“In the past we have utilized the Town of Brookhaven’s [formula] as they have a multiplier — either 1,500 square feet per unit or $1,000 per unit,” she said. “The square footage I don’t really have a problem with. I believe that $1,000 is a relatively antiquated number in this day and age. You can’t really buy 1,500 square feet of anything for $1,000. Our multiplier that was proposed was $1,500, so not a massive increase. And again, our calculations came down to that they provided enough green space for a portion of their 112 units, but still did not have parkland for the remaining 91, which results in a fee of about $136,500 in parkland.”

The Aug. 20 resolution effectively set a $1,500 fee per square foot of green space not provided. Trustee Bruce Miller was the lone village board member opposed to the resolution.

“I am appalled at this,” he said. “We are taking recreational space that every luxury apartment has to provide if they’re going to attract tenants and we’re dedicating that to the specific use of the tenants only and we’re calling that public space or green space. It’s not public space.”

Village Mayor Margot Garant disagreed with Miller.

“I think it’s appropriate to give a credit because you also want to encourage these [developers] to build nice places that have the amenities, that have certain areas that are green space, that are attributable to the living area,” she said.

A spokesperson for Tritec did not immediately respond to a request for comment.

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Blighted buildings and empty storefronts in upper Port Jefferson could soon be addressed through various grants. File photo by Kevin Redding

“Time for a bulldozer.” “What happened to this community?” “Something needs to be done up there.”

As eyebrow-raising stories in upper Port Jefferson — the area on and around Main Street between North Country Road and the train tracks — and Port Jefferson Station keep coming, so too does reaction, available in abundance at community meetings and on social media pages geared toward the Port Jeff area. If these reactions were a person’s only window into the state of an increasingly crime, addiction and poverty-stricken area, an element could surely be lost: the human element.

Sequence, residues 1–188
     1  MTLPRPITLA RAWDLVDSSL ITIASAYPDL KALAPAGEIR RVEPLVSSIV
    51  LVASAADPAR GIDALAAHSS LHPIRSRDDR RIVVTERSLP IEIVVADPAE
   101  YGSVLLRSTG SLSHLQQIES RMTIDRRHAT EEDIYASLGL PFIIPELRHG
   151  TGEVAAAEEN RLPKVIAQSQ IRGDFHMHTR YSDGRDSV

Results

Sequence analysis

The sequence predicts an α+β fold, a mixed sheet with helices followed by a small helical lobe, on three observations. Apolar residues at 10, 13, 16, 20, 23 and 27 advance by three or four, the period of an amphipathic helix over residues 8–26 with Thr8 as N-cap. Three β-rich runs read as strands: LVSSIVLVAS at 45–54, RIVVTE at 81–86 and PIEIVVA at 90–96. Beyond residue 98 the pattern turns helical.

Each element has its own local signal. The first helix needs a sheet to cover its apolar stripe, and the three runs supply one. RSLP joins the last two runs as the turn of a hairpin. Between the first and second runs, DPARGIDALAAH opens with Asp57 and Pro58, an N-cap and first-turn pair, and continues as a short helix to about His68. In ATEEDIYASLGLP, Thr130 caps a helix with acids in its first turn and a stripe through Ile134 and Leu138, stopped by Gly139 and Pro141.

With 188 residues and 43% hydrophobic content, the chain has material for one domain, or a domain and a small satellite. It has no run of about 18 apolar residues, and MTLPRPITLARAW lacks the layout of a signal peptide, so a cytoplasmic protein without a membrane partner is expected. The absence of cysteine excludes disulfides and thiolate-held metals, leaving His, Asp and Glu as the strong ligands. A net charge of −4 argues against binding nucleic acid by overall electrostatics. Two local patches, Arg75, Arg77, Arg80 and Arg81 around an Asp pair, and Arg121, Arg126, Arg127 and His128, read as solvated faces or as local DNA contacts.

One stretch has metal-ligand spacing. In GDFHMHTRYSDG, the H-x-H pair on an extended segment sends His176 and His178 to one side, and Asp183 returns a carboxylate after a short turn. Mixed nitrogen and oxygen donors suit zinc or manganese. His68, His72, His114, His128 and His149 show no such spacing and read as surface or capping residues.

“You keep putting Band-Aids on bullet holes,” said Darryl Wood, 60, a Mastic Beach resident and employee at Echo Arms Adult Home, a residential facility on Route 112 south of the train tracks that houses adults with disabilities and provides shelter for low-income individuals, within the area designated for revitalization by Town of Brookhaven.

Wood was referring metaphorically and broadly to government’s approach to improving communities showing many of the symptoms characteristic of Echo Arms’ backyard, though his analogy had a tinge of reality. On July 22, a 27-year-old man from Selden was shot to death inside a billiards hall in upper Port. About a week prior, a man was stabbed at a bar just north of the tracks following an altercation. Wood hadn’t heard of the revitalization plans presented by the town July 24.

“They need help — they need someone who cares.”

— Darryl Wood

“They need help — they need someone who cares,” Wood said July 27 on a hot afternoon as he enjoyed his lunch break on a bench near the Port Jeff Station entrance to the Greenway Trail. He shared that he had been homeless previously, addicted to crack and panhandling to survive in Manhattan.

“I thought I would die a crackhead,” he said, adding he has been clean for 12 years, and working at Echo Arms for three. “I owe, because I’ve taken so much.”

Perception has become reality for those who don’t spend much time in upper Port, though personal interactions can serve as a reminder — people live in this community characterized at times only as a hot spot for drug use and violence.